My dead grandmother ducks
out of the sight of my pink hair.
She is dull and indifferent,
a tigress feeds me and feeding,
raptured like thighs,
she runs around my head, tip to toe,
the horizon of the shoulder to the curl of pubic hair and down.
She reminds me to play and
may blood deliver the rest of you.
Even if I had known her
I still wouldn’t see her if I close my eyes.
I’m alone on this floor
drawing candle-dipped cheeks,
peeking round her barrier bone,
cut throat cheeks and soft.
I could dabble under her corpse and all around,
I could melt into her, swallow up that unaccustomed skin.
In this town
everybody’s mom has planted a tree,
and we can drive to the house
where someone made my mom make me,
who folded down the band-aids,
the koolaid and cookie cutters.
The work has obviously been dirty.
My mother smoked pot when she was forty-five,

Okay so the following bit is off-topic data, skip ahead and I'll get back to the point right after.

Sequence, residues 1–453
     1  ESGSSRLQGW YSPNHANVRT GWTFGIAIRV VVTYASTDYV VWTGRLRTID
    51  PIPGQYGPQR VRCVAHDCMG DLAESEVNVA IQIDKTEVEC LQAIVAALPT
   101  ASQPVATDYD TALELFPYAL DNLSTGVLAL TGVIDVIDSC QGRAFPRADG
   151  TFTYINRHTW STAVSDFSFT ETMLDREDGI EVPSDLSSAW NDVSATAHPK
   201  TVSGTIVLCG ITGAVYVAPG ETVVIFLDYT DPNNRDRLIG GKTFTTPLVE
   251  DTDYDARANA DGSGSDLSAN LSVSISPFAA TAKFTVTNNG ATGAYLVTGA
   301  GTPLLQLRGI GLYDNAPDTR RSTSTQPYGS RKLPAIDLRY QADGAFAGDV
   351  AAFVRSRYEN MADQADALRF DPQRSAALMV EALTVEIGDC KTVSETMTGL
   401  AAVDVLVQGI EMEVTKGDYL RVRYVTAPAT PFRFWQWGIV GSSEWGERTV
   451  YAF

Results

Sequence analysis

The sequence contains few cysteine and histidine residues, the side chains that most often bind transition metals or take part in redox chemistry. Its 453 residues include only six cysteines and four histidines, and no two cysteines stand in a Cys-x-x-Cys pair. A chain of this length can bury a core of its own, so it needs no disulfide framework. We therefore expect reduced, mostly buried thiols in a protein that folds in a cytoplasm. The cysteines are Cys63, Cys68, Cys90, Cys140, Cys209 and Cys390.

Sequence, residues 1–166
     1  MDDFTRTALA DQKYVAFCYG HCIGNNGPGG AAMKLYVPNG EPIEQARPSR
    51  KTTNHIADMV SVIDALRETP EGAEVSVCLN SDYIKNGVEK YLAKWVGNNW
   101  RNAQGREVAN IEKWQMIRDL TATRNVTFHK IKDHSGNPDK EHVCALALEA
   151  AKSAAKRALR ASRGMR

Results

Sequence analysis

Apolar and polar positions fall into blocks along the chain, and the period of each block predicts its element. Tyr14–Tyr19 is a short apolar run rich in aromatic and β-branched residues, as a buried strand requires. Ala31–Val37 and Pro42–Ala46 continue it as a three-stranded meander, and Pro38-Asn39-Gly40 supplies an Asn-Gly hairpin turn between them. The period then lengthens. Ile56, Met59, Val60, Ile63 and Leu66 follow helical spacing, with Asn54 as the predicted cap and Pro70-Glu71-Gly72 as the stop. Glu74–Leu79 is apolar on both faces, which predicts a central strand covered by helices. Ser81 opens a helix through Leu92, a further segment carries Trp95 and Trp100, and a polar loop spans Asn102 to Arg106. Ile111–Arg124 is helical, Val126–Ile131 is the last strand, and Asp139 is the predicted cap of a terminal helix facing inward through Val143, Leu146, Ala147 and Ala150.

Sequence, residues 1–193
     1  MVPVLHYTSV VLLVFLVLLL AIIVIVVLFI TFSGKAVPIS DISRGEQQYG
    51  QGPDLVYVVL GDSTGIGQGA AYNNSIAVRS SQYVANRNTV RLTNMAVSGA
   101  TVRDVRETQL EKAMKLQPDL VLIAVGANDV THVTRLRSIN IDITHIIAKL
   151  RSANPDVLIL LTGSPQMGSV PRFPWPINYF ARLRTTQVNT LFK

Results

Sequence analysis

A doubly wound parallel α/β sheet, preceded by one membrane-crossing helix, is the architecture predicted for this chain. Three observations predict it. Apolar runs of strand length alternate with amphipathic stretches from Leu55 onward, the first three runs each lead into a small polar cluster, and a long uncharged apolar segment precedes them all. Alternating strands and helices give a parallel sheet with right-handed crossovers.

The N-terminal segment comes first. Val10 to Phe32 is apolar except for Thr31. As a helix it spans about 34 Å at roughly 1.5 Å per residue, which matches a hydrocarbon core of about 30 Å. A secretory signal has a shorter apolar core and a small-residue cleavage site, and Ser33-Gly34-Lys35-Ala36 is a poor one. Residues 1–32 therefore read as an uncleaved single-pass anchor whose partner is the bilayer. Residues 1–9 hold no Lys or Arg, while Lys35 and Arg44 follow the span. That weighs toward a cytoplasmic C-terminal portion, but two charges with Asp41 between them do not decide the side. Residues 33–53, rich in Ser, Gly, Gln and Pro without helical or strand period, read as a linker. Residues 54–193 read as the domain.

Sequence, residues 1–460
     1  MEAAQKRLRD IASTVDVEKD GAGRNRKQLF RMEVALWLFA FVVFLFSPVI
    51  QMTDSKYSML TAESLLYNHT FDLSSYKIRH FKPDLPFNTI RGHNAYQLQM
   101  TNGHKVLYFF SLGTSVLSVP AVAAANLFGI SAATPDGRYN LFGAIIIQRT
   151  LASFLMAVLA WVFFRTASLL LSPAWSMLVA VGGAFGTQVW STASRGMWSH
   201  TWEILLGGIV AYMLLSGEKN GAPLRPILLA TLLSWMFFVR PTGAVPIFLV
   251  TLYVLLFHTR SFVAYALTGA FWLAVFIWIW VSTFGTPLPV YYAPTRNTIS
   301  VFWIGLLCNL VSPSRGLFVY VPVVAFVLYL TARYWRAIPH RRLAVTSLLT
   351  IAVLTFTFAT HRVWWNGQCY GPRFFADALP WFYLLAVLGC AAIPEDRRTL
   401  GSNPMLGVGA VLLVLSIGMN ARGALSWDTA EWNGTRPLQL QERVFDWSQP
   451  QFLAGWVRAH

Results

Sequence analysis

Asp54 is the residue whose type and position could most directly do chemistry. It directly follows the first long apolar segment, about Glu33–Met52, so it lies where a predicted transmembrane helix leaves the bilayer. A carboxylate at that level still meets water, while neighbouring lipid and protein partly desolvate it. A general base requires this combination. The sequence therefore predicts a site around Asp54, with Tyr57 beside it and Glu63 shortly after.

stared inward to the mirror,
the grandfather clocks distanced and faded.
She was pear-like at ten.
After a funeral, tiny blue-faced cherubs well up and suffocate,
rubberbands tie neat knots around fingertips,
and the late afternoon angel talk,
wooden coffins under their toes,
the dead and lecherous grandparents are unsettled today,
Genevieve is in a box.
Her life might have been a bottomless skylight in a hole
but this is all just heresay.
Floods of blood in the cracked linoleum,
I love you too,
my dead grandparents
are prisms in a dark room.
And I am sunshine.